While browsing my bilingual dictionary, Ed. 1985, I stumbled upon the verb "to charge" in a meaning defined as an Americanism [3(b) U.S.: to charge that... alléguer que...(to assert that)] without any further clarification.

And so, I would like to know if "to charge" is currently used in the sense "to claim/assert" in modern day AmE, and also if it's appropriate in all but the least formal prose.

Consider the following sourced examples:

Sarah Palin charged that Sen. Obama's tax plan is "so phony that it's already starting to unravel"... source

Critics charge that Mr. Obama misjudged Putin. source

Sen. Al Franken charged that "Republicans want to go back to the dark side of the Bush administration". source

When alarmists charged that the polar bear was being hunted to extinction... source

Glenn Beck, today, charged that Fox News is the home base for a horde of liberals. source

A registered nurse charged that there would be "legal genocide" if healthcare reform passes. source

Another doctor charged that such healthcare program are a bargain only for people with two or three young children... source

One critic in the New Yorker pointed out punctuation errors in her own work; another critic -- this time a teacher -- charged that... source

The humanities professor charged that Cattell had a lifetime commitment to fascist and eugenics causes and should not be given the award. source

Arthur Bester, a former teacher, charged that the diminished emphasis on fundamental intellectual discipline was anti democratic... source

Ngram source


  • 4
    Yes, it means allege or more generally claim/assert, but only with illegal acts. One can allege that someone is a nice guy, but one can't charge a person with it. Charges were brought against X means that a formal allegation of guilt has been posted with a court claiming that X is guilty of a crime. This is not conviction, and it's not even prosecution; but it is required for any of these to occur. Mar 25, 2014 at 23:56
  • And why is this an Americanism? Google Ngrams. Mar 25, 2014 at 23:56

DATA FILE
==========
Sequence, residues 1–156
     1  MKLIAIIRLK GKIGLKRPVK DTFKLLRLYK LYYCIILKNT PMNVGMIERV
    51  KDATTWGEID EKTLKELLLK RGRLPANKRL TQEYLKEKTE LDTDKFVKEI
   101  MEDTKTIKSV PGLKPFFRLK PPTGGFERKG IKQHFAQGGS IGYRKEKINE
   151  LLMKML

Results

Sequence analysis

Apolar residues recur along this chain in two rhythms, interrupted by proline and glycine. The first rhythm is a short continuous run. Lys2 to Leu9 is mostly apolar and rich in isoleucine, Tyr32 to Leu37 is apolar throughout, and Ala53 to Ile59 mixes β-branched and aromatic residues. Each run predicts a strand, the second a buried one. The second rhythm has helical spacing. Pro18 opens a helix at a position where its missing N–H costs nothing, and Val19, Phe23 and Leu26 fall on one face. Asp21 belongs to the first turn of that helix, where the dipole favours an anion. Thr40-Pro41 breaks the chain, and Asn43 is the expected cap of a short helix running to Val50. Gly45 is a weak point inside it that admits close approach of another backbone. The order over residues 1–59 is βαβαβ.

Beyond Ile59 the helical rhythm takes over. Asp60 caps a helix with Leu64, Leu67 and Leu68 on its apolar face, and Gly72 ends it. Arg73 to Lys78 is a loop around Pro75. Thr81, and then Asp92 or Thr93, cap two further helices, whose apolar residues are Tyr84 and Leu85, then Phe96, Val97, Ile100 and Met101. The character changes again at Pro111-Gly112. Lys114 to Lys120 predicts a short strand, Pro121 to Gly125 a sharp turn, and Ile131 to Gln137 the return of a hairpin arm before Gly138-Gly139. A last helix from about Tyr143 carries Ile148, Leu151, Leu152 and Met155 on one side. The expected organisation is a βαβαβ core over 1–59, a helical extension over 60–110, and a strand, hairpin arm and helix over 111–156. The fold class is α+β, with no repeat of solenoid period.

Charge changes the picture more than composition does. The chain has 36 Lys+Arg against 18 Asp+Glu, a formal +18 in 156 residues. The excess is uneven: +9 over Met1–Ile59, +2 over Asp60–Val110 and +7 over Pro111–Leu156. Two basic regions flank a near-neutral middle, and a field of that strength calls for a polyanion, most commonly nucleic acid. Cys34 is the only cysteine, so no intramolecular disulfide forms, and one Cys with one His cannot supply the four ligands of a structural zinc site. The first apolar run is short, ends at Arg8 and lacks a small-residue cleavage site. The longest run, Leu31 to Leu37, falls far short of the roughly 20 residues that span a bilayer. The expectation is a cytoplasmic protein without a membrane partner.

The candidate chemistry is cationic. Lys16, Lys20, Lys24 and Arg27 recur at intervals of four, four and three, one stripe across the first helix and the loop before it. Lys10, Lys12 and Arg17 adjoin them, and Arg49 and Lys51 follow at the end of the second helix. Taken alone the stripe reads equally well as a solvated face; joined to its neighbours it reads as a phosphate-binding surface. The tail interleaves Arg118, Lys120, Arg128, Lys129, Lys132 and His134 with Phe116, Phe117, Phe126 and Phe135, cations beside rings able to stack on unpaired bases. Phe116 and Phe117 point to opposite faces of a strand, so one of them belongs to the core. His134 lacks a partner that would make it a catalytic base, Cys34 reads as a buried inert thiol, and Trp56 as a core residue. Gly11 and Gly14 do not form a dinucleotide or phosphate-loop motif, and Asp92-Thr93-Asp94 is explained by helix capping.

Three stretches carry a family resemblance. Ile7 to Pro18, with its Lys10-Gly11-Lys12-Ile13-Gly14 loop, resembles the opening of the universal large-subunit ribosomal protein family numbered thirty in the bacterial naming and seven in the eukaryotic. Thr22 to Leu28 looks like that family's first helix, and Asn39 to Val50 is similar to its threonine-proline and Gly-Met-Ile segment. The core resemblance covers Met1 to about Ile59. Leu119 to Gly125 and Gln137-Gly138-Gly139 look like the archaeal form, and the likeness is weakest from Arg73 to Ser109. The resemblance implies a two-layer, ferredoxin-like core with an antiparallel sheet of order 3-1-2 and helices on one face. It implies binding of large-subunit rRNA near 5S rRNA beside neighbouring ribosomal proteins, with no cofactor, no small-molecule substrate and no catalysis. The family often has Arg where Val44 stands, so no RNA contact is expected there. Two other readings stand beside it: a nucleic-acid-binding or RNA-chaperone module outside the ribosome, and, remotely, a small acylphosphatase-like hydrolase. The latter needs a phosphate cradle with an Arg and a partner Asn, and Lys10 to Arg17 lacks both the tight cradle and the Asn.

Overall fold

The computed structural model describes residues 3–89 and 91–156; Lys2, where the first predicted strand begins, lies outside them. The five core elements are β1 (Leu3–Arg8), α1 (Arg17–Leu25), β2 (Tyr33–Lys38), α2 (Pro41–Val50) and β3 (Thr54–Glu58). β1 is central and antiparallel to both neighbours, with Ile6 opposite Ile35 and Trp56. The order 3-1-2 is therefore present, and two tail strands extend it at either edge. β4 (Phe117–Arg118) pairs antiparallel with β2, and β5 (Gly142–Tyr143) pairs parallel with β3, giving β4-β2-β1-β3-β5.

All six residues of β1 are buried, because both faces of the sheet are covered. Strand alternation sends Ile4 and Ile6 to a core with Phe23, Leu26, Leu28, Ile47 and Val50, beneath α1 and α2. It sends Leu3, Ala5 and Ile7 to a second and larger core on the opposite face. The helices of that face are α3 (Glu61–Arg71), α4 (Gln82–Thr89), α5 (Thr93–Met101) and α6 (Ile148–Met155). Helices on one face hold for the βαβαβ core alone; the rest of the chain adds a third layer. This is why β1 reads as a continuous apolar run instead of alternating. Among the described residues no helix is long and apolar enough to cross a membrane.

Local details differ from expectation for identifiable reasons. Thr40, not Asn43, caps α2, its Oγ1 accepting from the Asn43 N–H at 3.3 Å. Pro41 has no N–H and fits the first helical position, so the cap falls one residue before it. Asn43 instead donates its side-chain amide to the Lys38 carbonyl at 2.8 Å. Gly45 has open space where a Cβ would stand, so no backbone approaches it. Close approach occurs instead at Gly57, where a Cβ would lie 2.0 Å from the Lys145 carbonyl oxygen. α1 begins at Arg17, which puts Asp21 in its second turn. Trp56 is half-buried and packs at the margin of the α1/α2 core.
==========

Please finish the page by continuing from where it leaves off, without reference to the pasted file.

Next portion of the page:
• @PeterShor The OP is not about "to charge someone with something" as in "He was charged with murder". This sense indeed is shared in both BrE and AmE. But it's about "to charge that... [=to claim/assert] as in "She charged that her husband was violent...".
    – Elian
    Mar 26, 2014 at 0:02
  • Your first example, "The National Labor Relations Board …", is certainly the legal sense. Your second example has the police involved, so it's a borderline case of the legal sense. The third isn't. Mar 26, 2014 at 0:12
  • 1
    Actually, looking at the source, the third is indeed a legal sense, because it was part of a divorce case. Mar 26, 2014 at 0:20

1 Answer 1


The general sense of charging something is to bring a strong accusation or assertion (particularly of wrong-doing). Clearly, the most common place for an assertion of this type would be in a legal proceeding.

Charge that is used in the legal sense in your first two examples. It means that legal allegations have been brought against an entity or person (officially or unofficially). This context is extremely common in journalism.

The third is not readily apparent that it is a legal charge except by reading in the source that it is in regard to a divorce proceeding. In that sense, yes, it has currency. But, in common conversation, I would say it holds little currency.

More commonly in conversation: Jane would assert that her husband had more interest in politics.

The other way you will see this terminology used is in a strongly worded assertion. Several of your other examples employ this context. They are accusations of wrong-doing, or even perceived wrong-doing (see the Glenn Beck example - if you are not familiar with him, it's part of his "charm"). They are almost legal claims in their severity. One does not charge that you ate the last cupcake (except in jest, perhaps). One might charge that you made a inappropriate advance on his wife.

Again, the most common place to see this terminology is in journalism. It doesn't come up much in everyday conversation, except perhaps in discussion of current affairs in the news. I would not go so far as to describe it at journalese, however. It has plenty of currency in the legal world, too.

  • You might want to consider checking back on my new sourced examples, David
    – Elian
    Mar 26, 2014 at 1:33
  • 2
    I'd say it's common in journalism, rare in conversation. Mar 26, 2014 at 2:19
  • @BraddSzonye Would you say it's journalese?
    – Elian
    Mar 26, 2014 at 2:47
  • @NourishedGourmet I have revised to help address that.
    – David M
    Mar 26, 2014 at 3:11

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